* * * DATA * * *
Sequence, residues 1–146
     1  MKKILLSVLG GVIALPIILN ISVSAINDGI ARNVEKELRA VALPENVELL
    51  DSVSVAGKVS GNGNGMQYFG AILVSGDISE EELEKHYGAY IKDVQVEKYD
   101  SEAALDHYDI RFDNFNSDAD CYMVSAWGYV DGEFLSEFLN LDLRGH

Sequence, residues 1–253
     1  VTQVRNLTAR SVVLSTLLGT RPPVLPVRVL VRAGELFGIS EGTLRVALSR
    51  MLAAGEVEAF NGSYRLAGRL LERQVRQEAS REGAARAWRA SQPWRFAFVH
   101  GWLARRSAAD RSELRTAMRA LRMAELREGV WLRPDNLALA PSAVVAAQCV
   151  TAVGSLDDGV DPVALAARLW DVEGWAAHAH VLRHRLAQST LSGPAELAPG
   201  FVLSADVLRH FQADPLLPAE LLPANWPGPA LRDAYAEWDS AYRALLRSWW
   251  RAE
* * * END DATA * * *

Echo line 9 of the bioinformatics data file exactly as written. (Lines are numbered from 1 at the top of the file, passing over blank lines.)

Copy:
   151  TAVGSLDDGV DPVALAARLW DVEGWAAHAH VLRHRLAQST LSGPAELAPG